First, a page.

Complications of pre-eclampsia

Although they're rare, a number of complications can develop if pre-eclampsia isn't diagnosed and monitored.

These problems can affect boththe mother and her baby.

Problems affecting the mother

Fits (eclampsia)

Eclampsia describes a type of convulsion or fit (involuntary contraction of the muscles) that pregnant women can experience, usually from week 20 of the pregnancy or immediately after the birth. Eclampsia is quite rare in the UK, with an estimated1 case for every 4,000 pregnancies.

During an eclamptic fit, the mother's arms, legs, neck or jaw will twitch involuntarily in repetitive, jerky movements. She may lose consciousness and may wet herself. The fits usually last less than a minute.

While most women make a full recovery after having eclampsia, there's a small risk of permanent disability or brain damage if the fits are severe. Of those who have eclampsia, around 1 in 50 will die from the condition. Unborn babies can suffocate during a seizure and 1 in 14 may die.

Research has found that a medication called magnesium sulfate can halve the risk of eclampsia and reduce the risk of the mother dying. It's now widely used to treat eclampsia after it has occurred, and to treat women who may be at risk of developing it.

HELLP syndrome

HELLP syndromeis a rare liver and blood clotting disorder that can affect pregnant women.It's most likely to occur immediately after the baby is delivered, but can appear any time after 20 weeks of pregnancy, and in rare cases before 20 weeks.

The letters in thename HELLP stand for each part of the condition:

  • "H" is forhaemolysis this is where the red blood cells in the blood break down
  • "EL" is for elevated liver enzymes (proteins) a high number of enzymes in the liver is a sign of liver damage
  • "LP" is forlow platelet count platelets are substances in the blood that help it to clot

HELLP syndrome is potentially as dangerous as eclampsia, and is slightly more common. The only way to treat the condition is to deliver the baby as soon as possible. Once the mother is in hospital and receiving treatment, it's possible for her to make a full recovery.


The blood supply to the brain can be disturbed as a result of high blood pressure. This is known asa cerebral haemorrhage, or Heat exhaustion and heatstroke . If the brain doesn't get enough oxygen and nutrients from the blood, brain cells will start to die, causing brain damage and possibly death.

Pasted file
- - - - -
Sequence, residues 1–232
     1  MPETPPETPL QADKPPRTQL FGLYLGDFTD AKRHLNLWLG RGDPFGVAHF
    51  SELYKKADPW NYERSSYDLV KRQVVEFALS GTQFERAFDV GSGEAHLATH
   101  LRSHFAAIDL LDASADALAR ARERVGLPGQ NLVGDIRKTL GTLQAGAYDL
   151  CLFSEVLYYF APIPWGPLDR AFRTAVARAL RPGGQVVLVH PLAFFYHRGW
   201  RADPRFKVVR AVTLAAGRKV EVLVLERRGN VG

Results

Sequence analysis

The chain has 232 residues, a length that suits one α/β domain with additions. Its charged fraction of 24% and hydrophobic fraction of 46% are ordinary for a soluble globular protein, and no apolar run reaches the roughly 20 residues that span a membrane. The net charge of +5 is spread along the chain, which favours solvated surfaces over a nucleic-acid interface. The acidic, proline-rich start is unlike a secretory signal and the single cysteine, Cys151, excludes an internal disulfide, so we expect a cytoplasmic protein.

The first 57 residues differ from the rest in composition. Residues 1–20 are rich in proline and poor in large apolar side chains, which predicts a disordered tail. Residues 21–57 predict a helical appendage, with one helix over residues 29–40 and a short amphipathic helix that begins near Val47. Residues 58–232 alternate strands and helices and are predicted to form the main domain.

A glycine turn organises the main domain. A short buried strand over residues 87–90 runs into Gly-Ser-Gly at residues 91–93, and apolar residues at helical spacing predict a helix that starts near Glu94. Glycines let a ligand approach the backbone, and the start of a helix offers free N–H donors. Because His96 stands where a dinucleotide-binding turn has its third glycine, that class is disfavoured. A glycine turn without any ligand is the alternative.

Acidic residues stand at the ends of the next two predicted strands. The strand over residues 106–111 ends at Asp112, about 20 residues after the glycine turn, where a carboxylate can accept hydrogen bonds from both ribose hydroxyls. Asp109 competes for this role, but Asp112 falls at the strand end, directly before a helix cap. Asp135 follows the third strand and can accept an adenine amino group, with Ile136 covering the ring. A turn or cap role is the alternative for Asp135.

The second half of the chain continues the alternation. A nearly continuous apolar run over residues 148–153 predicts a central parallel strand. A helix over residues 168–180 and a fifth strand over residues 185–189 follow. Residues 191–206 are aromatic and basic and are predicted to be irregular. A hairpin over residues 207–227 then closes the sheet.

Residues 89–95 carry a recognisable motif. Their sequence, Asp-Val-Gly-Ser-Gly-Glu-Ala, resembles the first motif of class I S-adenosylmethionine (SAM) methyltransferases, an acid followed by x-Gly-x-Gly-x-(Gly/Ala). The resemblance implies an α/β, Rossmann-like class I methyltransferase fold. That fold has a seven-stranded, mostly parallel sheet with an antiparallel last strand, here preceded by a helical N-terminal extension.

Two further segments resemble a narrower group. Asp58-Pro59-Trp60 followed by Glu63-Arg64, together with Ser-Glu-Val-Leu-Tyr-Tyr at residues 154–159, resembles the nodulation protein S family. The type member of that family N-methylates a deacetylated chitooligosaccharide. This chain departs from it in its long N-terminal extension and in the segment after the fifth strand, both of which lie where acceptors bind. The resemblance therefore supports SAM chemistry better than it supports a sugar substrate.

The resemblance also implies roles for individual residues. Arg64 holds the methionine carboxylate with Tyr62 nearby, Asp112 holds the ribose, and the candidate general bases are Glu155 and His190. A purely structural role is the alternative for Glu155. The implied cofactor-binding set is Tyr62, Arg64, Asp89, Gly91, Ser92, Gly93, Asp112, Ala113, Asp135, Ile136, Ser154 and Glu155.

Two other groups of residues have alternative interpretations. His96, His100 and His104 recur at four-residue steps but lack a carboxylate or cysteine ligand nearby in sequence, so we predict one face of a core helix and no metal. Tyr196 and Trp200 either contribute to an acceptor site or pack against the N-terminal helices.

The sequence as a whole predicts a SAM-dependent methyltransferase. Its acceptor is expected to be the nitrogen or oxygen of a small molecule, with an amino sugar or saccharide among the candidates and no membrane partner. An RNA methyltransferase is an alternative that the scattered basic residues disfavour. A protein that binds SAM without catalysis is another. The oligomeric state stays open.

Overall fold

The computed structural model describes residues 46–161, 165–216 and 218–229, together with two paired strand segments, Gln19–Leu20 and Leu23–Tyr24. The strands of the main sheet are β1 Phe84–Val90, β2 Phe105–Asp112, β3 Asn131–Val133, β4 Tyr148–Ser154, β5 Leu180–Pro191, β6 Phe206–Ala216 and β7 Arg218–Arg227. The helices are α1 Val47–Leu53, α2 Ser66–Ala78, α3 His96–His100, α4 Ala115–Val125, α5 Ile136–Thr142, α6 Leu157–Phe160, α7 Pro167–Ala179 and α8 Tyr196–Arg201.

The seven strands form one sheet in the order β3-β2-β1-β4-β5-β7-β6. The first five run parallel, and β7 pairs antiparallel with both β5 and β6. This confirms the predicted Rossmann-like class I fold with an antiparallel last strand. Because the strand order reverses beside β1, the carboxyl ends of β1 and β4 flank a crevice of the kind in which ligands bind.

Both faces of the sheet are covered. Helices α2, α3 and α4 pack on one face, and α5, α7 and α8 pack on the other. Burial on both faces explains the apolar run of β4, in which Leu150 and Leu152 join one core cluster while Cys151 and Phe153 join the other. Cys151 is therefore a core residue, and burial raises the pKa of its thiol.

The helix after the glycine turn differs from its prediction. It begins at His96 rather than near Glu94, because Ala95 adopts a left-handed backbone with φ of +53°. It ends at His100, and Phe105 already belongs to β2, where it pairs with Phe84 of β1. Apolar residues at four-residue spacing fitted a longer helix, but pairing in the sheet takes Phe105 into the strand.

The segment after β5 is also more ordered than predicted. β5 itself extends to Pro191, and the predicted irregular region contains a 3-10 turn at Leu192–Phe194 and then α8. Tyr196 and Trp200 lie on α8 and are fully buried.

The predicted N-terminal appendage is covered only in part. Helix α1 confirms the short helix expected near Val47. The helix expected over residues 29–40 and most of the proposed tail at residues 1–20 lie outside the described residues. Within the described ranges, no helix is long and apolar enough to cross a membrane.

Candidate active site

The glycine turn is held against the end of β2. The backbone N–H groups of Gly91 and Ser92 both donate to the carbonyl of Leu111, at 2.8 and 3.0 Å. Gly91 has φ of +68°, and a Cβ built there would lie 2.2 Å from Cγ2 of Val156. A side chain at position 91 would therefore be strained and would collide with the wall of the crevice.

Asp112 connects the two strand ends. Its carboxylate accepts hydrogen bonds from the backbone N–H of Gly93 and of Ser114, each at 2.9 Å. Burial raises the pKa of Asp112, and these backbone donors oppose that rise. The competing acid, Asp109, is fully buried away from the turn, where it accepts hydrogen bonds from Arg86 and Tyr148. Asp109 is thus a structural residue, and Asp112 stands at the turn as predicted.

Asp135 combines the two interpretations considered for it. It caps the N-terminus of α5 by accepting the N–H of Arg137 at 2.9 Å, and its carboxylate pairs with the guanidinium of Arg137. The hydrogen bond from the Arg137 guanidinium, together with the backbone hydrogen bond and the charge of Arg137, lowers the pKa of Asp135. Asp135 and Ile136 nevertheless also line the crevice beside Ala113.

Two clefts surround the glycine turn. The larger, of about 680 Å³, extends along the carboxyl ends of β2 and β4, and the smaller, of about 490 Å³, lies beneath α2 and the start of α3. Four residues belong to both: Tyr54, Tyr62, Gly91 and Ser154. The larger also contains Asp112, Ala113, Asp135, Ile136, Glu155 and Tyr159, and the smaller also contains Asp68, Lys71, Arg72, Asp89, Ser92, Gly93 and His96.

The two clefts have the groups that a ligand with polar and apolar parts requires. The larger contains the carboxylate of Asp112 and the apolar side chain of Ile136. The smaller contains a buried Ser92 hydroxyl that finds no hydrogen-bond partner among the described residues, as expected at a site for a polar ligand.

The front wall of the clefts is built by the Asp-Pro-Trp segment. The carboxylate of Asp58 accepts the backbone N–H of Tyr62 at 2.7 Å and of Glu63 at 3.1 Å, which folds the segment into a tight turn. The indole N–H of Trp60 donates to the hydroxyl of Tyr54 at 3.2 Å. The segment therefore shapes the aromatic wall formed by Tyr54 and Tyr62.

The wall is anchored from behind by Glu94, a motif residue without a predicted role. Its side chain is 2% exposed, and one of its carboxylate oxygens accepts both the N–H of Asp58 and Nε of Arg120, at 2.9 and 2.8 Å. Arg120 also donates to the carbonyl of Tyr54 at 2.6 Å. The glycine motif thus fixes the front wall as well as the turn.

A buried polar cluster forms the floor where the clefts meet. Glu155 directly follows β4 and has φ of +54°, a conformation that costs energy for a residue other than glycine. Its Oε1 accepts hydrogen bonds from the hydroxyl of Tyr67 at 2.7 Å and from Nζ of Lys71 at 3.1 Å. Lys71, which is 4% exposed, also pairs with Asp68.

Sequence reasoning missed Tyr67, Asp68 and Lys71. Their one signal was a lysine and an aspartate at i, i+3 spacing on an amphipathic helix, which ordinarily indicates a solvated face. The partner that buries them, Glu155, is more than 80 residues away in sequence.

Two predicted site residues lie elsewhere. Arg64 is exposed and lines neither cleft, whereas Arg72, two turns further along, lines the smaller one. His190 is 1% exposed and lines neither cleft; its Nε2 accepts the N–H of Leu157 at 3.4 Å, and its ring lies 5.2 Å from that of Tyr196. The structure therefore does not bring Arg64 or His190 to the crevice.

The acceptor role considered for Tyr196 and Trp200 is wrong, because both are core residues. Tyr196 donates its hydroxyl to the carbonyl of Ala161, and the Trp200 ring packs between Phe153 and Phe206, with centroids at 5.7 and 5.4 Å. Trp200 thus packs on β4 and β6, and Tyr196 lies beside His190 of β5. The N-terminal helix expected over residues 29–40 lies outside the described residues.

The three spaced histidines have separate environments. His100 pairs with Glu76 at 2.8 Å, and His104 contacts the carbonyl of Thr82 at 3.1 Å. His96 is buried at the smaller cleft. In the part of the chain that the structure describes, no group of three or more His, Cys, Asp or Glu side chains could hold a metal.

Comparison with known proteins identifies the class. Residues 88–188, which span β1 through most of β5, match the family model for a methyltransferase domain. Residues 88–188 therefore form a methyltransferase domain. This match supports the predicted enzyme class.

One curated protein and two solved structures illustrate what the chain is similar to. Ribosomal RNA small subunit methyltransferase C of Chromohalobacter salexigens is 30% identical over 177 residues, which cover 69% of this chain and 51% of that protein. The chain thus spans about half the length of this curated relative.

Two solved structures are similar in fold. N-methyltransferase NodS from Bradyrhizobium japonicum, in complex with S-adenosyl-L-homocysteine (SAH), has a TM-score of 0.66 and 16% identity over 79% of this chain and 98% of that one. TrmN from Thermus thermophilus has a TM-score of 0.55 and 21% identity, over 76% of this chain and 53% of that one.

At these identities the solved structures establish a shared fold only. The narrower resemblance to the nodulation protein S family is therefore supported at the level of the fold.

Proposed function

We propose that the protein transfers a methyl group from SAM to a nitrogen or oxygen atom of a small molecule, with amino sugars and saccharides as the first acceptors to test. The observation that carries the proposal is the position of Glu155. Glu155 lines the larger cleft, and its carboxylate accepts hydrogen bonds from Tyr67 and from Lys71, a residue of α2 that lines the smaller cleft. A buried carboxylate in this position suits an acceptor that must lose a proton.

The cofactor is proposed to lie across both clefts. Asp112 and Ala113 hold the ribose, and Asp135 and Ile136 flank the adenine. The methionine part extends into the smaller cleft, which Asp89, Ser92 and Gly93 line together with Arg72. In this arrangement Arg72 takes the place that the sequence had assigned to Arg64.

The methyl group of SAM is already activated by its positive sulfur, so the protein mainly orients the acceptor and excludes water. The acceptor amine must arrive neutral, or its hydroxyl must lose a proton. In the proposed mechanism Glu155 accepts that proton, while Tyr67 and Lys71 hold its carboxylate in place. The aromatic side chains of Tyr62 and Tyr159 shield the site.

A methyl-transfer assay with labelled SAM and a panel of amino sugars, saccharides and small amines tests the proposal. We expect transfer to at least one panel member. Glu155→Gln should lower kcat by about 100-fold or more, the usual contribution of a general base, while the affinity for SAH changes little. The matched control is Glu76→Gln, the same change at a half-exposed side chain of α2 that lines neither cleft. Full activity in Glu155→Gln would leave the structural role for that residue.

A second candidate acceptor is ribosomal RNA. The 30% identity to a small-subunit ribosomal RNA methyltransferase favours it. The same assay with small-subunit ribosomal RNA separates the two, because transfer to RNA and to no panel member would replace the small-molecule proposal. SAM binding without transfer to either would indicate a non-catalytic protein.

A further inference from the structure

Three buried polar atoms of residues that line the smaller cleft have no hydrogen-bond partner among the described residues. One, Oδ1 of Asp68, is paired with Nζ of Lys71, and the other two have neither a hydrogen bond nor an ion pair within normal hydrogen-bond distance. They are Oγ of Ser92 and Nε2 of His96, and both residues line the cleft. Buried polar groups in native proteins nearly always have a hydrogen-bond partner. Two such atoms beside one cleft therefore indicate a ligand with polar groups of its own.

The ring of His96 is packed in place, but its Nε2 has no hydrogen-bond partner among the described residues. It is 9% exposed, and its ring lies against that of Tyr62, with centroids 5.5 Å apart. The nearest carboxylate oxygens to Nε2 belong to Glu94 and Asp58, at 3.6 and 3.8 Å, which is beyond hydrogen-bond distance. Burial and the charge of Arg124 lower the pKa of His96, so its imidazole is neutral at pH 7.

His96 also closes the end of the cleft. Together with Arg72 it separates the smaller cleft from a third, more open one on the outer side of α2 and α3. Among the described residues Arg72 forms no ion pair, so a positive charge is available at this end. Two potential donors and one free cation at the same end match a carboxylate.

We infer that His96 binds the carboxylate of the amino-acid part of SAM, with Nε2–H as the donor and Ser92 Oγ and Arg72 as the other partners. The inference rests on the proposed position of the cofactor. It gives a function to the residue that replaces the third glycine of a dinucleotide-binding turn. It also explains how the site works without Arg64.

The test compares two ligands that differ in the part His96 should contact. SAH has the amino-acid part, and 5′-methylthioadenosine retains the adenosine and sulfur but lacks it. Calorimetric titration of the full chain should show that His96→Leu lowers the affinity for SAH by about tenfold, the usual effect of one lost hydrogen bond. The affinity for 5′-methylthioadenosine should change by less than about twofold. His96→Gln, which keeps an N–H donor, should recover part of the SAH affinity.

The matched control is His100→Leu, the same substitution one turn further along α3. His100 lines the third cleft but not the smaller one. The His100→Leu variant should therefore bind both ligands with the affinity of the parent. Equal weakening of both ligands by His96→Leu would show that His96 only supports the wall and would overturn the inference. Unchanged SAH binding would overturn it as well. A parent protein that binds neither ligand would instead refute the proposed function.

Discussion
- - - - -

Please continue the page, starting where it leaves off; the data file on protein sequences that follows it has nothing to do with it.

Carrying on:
Organ problems

  • Pulmonary oedema where fluid builds up in and around the lungs. This stops the lungsfrom working properly by preventing them from absorbing oxygen.
  • Kidney failure whenthe kidneys cannot filter waste products from the blood. Thiscauses toxins and fluids tobuild up in the body.
  • Liver failure disruption to the functions of the liver. The liver has many functions, including digesting proteins and fats, producing bile and removing toxins. Any damage that disrupts these functions could be fatal.

Blood clotting disorder

The mother's blood clotting system can break down. This is known medically as "disseminated intravascular coagulation".

This can either resultin too much bleeding because there aren't enough proteins in the blood to make it clot, or in blood clots developing throughout the body becausethe proteins that control blood clotting become abnormally active.

These blood clots can reduce or block blood flow through the blood vessels and possibly damage the organs.

Problems affecting the baby

Babies of some women with pre-eclampsia may grow more slowly in the womb than normal, because the condition reduces the amount of nutrients and oxygen passed from the mother to her baby. These babies are often smaller than usual, particularly if the pre-eclampsia occurs before 37 weeks.

If pre-eclampsia is severe, a baby mayneed to be delivered before they're fullydeveloped. This can lead to serious complications, such as breathing difficulties caused by the lungs not being fully developed ( neonatal respiratory distress syndrome ). In these cases, a baby usuallyneeds to stay inaneonatal intensive care unit so they can be monitored and treated.

Some babies of women with pre-eclampsia can even die in the womb and be stillborn . It's estimated that around 1,000 babies die each year because of pre-eclampsia. Most of these babies diebecause ofcomplicationsrelated toearly delivery.

Content supplied by the NHS Website

Medically Reviewed by a doctor on 28 Nov 2016